Fez - or Fès - is the oldest and most important of the four Cities of Kings in Morocco, and it was also its capital until 1912. In addition, it is said to be the most Arabic of all Moroccan towns and often called the “Pearl of the Orient”. El-Kairaouine-University is the most ancient university in the Islamic world, and being the second biggest city in the country, Fez is also Morocco’s spiritual and religious core with a tradition dating back 1,000 years. For a long time, this City of Kings was the intellectual capital of the country, with many poets and thinkers emerging from here, and this ambience is still noticeable in today’s atmosphere.
Regarded from above, Fez looks like a counterpart to Rome, built on seven hills, so its houses and living quarters are nestled into the surrounding countryside. A great overview can be obtained from the two towers “Borj Sud” and “Borj Nord”. The new part of Fez, “Fez el Djedid”, is also worth a stroll. In the 13th century, it was added to the existing town under the reign of the Merinids, and it houses numerous sights: the King’s Palace, the beautiful gardens of Boujelod with a waterwheel, the Jewish quarter Mellah and the Ville Nouvelle, a French remnant from the 20th century. The oldest part of town, “Fez el Bali”, has been declared a world heritage site by the UNESCO. Founded in the 9th century, it still accommodates most of Fez’s population today – roughly 800,000 people.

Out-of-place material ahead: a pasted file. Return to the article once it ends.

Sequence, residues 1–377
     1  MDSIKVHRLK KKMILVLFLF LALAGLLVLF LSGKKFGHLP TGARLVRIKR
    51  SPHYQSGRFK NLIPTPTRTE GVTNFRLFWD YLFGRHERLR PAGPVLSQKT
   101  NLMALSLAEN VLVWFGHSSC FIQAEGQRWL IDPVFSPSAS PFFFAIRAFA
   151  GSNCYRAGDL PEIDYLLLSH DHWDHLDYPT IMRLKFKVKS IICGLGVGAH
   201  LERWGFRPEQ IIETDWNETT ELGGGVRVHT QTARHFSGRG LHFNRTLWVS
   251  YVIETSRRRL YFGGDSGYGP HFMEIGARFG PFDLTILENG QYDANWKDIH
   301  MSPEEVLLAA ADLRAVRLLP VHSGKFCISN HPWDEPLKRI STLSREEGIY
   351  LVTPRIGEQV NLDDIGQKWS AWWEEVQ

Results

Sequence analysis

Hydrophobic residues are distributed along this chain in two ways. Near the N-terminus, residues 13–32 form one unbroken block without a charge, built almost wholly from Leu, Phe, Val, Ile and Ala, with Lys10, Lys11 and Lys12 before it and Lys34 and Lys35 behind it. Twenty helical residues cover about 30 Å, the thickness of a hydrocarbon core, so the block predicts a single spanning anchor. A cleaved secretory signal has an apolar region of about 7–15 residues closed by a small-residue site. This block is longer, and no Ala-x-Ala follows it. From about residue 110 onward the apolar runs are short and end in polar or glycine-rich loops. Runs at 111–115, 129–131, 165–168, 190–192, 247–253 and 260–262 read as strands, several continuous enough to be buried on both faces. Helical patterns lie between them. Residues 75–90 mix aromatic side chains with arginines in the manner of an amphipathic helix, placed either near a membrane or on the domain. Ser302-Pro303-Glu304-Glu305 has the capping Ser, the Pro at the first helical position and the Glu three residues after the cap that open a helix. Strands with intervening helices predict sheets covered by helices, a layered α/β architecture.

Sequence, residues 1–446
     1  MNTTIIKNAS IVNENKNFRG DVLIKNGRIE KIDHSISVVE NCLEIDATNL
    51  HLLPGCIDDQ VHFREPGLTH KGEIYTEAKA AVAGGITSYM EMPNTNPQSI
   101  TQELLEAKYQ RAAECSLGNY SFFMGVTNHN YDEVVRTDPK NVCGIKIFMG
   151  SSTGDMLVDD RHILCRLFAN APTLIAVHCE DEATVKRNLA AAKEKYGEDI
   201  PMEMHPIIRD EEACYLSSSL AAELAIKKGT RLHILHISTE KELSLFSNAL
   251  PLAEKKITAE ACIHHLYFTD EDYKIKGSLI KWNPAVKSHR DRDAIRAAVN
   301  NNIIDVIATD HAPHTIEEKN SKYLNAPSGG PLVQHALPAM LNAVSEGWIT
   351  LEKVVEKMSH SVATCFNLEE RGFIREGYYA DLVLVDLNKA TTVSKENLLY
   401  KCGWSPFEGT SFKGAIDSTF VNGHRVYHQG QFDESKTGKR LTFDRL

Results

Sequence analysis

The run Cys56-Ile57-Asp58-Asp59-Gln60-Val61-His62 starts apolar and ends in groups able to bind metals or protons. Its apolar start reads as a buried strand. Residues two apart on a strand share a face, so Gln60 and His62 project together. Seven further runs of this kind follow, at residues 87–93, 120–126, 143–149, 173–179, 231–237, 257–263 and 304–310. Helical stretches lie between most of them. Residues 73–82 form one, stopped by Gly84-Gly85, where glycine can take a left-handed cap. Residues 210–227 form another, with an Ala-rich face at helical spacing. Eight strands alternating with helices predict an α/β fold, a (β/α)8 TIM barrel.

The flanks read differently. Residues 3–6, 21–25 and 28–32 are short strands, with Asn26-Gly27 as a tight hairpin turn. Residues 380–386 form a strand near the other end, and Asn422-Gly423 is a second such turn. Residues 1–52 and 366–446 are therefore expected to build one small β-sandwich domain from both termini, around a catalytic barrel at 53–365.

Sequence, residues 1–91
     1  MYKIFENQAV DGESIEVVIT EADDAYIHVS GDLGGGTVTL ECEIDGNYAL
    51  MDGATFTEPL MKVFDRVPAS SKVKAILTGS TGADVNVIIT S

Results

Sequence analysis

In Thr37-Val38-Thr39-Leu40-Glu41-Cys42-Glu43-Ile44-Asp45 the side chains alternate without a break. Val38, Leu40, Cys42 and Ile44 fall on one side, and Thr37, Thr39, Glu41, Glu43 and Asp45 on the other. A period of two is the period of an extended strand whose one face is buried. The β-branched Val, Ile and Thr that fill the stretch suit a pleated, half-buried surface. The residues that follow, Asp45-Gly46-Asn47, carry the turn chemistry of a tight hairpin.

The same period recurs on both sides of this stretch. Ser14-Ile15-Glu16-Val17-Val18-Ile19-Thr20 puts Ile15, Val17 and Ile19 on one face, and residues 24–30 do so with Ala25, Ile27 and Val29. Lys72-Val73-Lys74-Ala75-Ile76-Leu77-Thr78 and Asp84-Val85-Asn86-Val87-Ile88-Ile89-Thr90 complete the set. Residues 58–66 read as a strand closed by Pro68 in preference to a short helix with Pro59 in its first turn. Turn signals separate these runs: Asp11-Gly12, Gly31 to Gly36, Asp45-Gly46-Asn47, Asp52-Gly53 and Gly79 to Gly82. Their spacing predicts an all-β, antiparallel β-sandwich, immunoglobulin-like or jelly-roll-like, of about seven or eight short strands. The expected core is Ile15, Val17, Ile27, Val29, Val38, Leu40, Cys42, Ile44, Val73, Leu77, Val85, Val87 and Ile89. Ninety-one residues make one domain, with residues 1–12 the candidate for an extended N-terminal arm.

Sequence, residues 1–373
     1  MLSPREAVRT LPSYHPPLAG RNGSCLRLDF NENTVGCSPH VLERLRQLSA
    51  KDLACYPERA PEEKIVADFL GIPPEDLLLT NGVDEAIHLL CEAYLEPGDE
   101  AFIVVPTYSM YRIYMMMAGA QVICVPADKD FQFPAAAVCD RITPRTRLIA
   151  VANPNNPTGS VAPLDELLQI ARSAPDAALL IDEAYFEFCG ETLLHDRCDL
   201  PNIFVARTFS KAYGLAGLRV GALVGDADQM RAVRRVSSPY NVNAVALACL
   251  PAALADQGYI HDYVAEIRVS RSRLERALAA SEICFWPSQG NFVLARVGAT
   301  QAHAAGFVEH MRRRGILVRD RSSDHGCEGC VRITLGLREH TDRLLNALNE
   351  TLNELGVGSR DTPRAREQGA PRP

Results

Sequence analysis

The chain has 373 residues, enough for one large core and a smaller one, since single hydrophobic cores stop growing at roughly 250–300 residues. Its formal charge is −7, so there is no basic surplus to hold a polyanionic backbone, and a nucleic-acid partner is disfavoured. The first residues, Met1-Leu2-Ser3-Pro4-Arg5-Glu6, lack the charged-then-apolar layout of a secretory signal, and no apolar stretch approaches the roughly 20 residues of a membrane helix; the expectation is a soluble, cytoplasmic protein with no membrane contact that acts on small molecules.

Countless alleys wind through the old bazaar, where many interesting cultural and historical highlights are to be found. Many charming palaces, a Madrasa (Koran school) and the Fondouk (clinic for donkeys and mules) hide behind rather unimposing facades - just like the famous tanner’s and dyer’s quarters. This area’s structure resembles the Middle Ages, and a highly intense and vibrant life welcomes the visitor who is overwhelmed by the abundance of sensations interfering with his eyes, ears, nose and mouth. A taste of “The Arabian Nights” eternally dominates the atmosphere.